Insights


Positioning for Uncertainty in Global Equities: Low Volatility is Back

  • Low Volatility strategies delivered excess performance in September, as global equities experienced a pullback after recovering their pre-crisis all-time highs.1
  • Investors concerned with the potential for US election outcomes and COVID-19 to drive uncertainty could consider a Low Volatility approach.
  • SPDR has long offered US and Eurozone Low Volatility exposures, but now we offer a Global Low Volatility approach for investors seeking to maximise geographic diversification to de-risk the portfolio.

Global equities experienced a significant drawdown earlier in 2020 amid the onset of COVID-19 and the associated economic shutdown. However, at the end of August, global equities (MSCI World) had returned to their pre-crisis all-time highs and were up 5.34% year to date.2

At that time (25 August 2020), we posed the question in our Strategy Espresso, Have we come too far, too fast? with the recovery, suggesting that investors seeking to remain long at those valuations could “consider a Global Low Volatility allocation to position against the negative effects of lingering uncertainty.“ This ended up being a timely note as the MSCI World Index pulled back 3.45% in September, while the STOXX® Global Low Risk Weighted Diversified 200 Index (referred to hereafter as “Global Low Volatility”) outperformed this moved by 1.74%.3

However, many investors may have missed this opportunity given that, during the COVID-19 selloff in Q1, low volatility strategies failed to deliver their historically observed drawdown protection (see Figure 4 - Low Volatility Performance in Major Market Selloffs in Low Volatility Index Comparison: Flexible and Fast Road to Portfolio Protection). This can largely be attributed to idiosyncratic characteristics of the pandemic’s impact on equity markets. A careful examination of the historical returns of a Global Low Volatility approach explains both that the March 2020 performance was an outlier and that more recent performance (September 2020) is more in line with the historical trend.

Figures 1 and 2 show the relationship of relative (excess) returns of a Global Low Volatility approach versus the market cap benchmark STOXX® Global 1800 Index (“market benchmark”) on both a monthly (Figure 1) and annual (Figure 2) basis over the last 15 years. In both instances, there is a strong negative correlation between the excess returns of Global Low Volatility and the market benchmark. This would suggest that, when the market was down, Global Low Volatility historically delivered outperformance (and vice versa). Looking at the correlation coefficients for each suggests a strong relationship (Monthly 0.57, Annual 0.72).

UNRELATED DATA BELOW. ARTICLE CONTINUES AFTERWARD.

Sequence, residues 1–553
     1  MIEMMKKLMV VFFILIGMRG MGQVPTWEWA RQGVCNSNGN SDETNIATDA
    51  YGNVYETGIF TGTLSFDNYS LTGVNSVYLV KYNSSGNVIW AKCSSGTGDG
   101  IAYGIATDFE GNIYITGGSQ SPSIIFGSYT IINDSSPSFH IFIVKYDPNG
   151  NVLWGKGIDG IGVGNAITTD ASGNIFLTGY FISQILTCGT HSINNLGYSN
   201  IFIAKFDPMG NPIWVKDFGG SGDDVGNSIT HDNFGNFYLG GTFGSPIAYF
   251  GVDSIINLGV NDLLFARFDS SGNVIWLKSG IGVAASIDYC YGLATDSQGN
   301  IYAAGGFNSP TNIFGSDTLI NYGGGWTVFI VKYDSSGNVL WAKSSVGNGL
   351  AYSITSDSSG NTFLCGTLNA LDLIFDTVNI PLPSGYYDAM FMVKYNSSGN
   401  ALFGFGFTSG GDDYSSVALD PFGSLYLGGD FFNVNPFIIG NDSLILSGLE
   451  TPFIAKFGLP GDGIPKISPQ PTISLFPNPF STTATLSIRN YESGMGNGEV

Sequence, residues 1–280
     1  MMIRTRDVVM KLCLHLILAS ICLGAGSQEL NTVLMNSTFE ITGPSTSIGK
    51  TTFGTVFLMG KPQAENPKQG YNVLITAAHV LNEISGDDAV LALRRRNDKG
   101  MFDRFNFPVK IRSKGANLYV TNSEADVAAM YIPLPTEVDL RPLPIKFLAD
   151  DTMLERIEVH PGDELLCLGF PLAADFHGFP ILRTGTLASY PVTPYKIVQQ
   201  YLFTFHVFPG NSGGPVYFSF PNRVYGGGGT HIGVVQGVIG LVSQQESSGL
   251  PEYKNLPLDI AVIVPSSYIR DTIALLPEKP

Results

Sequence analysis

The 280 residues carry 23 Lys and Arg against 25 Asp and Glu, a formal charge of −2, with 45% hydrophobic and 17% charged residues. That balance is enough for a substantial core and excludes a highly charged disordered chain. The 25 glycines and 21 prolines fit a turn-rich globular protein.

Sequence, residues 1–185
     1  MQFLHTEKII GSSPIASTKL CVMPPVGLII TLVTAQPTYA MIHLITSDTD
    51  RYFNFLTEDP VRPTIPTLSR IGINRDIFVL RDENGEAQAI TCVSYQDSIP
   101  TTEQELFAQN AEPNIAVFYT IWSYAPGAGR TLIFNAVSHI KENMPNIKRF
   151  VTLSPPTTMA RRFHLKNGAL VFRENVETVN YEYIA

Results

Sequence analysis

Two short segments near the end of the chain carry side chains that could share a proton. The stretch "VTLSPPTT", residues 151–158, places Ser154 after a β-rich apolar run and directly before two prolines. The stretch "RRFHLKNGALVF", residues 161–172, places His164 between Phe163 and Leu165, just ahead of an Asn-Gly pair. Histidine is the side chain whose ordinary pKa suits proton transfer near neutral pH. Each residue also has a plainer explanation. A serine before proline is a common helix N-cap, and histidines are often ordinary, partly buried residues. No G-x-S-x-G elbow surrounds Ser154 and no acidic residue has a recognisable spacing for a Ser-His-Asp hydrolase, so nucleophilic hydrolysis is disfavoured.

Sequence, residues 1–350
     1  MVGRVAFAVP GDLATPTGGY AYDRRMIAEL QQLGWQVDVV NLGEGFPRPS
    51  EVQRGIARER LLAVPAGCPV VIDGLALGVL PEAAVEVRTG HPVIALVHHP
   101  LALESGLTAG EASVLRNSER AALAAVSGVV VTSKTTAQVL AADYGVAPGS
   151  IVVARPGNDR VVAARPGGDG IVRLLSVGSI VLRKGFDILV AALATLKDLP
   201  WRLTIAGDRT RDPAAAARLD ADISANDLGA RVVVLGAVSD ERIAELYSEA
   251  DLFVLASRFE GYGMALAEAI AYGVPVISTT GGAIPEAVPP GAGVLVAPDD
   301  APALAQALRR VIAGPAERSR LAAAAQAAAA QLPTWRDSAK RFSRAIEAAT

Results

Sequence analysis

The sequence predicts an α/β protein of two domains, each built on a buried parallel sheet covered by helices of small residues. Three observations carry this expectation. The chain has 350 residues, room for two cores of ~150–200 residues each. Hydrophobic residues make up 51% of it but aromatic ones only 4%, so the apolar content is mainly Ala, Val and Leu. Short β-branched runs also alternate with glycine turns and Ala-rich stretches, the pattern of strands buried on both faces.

As we discussed in August, we believe the recovery should encourage equity investors. However, there are still notable events ahead (e.g. US election outcomes and ongoing COVID-19 uncertainty), which may continue to worry investors about equity price sensitivity at the current levels. Cautious investors may begin to favour a Low Volatility approach, especially as strategies such as Global Low Volatility have returned to their historical trend in terms of relative performance. Investors seeking a diversified approach to remaining long at these valuations can consider a Global Low Volatility allocation to position against the negative impacts of lingering uncertainty.

How to Play this Theme:

SPDR offers a suite of low volatility strategies that follow a simple and yet effective methodology. In one simple trade, investors can introduce a defensive posture to their global equity allocations using the SPDR® STOXX® Global Low Volatility UCITS ETF which is now trading on the Euronext Amsterdam and the London Stock Exchange. To learn more about this ETF, and to view full performance history, please visit the fund page.

Figure 1: Monthly Low Risk 200 Active Return vs. Market Return (Last 15 Years)

Source: State Street Global Advisors, Bloomberg Finance L.P., as of 30 September 2020. Past performance is not a reliable indicator of future returns. Index returns reflect all items of income, gain and loss and the reinvestment of dividends and other income as applicable.

Figure 2: Annual Low Risk 200 Active Return vs. Market Return (Last 15 Years)

Source: State Street Global Advisors, Bloomberg Finance L.P., as of 30 September 2020. Past performance is not a reliable indicator of future returns. Index returns reflect all items of income, gain and loss and the reinvestment of dividends and other income as applicable.


Flows


European-Domiciled ETP Segment Flows (Top/Bottom 5, $mn)

European-Domiciled ETP Asset Category Flows ($mn)

Sources: Bloomberg Finance L.P., for the period 24 September – 1 October 2020. Flows are as of date indicated and should not be relied upon as current thereafter.

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